Life is full of choices. Some are easy, such as what to have for dinner (cheeseburger thank you), and others, more serious, like, for instance, choosing a career. Regardless of how important a decision is, good decision skills are useful in life, especially if you feel indecisive about something and it’s getting you down. Get tips on how to make good decisions, and find out what to do when you can’t figure out a plan.
This can help if:
- you’re working through a problem
- you’re facing uncertainty
- you’re struggling to make a decision.
Why good decision making helps
People make decisions all throughout their day, most of which are straightforward and don’t require much thought. However, when situations are more complicated and have longer term impacts, it’s easy to feel unsure or hesitant.
When faced with a tough decision it’s common to feel:
- stressed or anxious
- wound up
Because indecision can have a negative impact on how you’re feeling, it’s important to learn strategies for making positive decisions in tough situations. While you may not be able to guarantee the outcome of a decision before you make it, at least you can know you put a lot of careful thought into it.
Tips for making decisions
Step 1. Don’t let stress get the better of you. It’s easy to feel stressed out and anxious when you’re facing a tough choice. You might tend to rush your decisions without thinking them through, or you avoid making a decision at all because the stress has put you off your game. If you’re feeling anxious about a decision, try to manage your stress so that it doesn’t cloud your thinking. Go for a walk on the beach. Hit up a yoga class or hang out with friends.
Step 2. Give yourself some time (if possible). It’s hard to think clearly under pressure, and sometimes your first idea isn’t always your best one. Give yourself the chance to sit on a problem for a while so that you can process your options and feel confident about the course of action you choose.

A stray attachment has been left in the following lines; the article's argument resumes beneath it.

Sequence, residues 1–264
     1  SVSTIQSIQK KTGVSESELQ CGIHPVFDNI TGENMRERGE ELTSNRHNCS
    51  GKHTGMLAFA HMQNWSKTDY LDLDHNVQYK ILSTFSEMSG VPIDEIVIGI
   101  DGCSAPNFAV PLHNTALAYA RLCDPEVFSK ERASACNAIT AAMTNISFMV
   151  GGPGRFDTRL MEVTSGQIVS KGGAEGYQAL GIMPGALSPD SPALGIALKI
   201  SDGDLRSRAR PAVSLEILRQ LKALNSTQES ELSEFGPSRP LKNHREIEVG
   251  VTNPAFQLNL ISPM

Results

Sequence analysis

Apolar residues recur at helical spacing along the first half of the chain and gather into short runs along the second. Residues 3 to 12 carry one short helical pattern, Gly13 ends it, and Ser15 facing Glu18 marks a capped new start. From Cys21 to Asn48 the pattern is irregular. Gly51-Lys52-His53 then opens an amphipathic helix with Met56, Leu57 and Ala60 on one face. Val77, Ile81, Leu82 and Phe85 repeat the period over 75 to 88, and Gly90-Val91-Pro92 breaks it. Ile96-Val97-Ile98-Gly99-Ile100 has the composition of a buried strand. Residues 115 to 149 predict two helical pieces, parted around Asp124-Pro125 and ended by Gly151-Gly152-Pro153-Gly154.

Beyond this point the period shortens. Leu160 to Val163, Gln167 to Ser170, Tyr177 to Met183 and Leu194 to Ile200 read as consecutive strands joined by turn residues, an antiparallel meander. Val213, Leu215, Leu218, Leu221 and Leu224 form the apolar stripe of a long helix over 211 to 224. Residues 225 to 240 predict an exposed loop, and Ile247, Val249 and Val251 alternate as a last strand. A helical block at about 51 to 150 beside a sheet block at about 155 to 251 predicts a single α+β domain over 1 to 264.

Step 3. Weigh the pros and cons. When faced with a big decision, sometimes we lose sight of the big picture. Write a list of pros and cons for each course of action and then compare them. Sometimes the cons aren’t nearly as bad as we imagine them to be, or the pros might make your options more obvious.
Step 4. Think about your goals and values. It’s important to be true to ourselves and what we value in life. When you factor into a decision the things that are important to you, the best option might become obvious. At any rate, you’re more likely to end up with an outcome you’re happy with.
Step 5. Consider all the possibilities. Making a decision can result in several different outcomes and not all of them may be obvious. When considering each option, don’t just list the positives and negatives; write down any likely consequences.
Step 6. Talk it out. It can be helpful to get another person’s perspective on your issue, particularly if they’ve faced a similar decision in their own life.
Step 7. Keep a diary. If you feel like you’re on a bit of an emotional rollercoaster, it might help to keep track of your feelings by writing them down.
Step 8. Plan how you’ll tell others. If you think someone may have a bad response to your decision, think through what their reaction is likely to be. Put yourself in their shoes to help you think of a good way to manage the situation.
Step 9. Rethink your options. If you’re up against a lot of pressure over a decision, or there are some new factors to consider, look over your options again. You might decide that your original decision is still the best one, but give yourself the option of changing course. If a decision no longer feels right for you, go through these steps again to figure out a better solution.
If you’re having a tough time
If you’re feeling overwhelmed with negative feelings because you’re facing a tough decision, it’s important to look after yourself. Take some time out to relax or do something you enjoy.
If you’re finding your indecision over a situation is affecting how you get on day to day, it’s a good idea to talk to someone you trust, or visit a counsellor. They’ll be able to help you work through the process of decision making, and guide you through different strategies.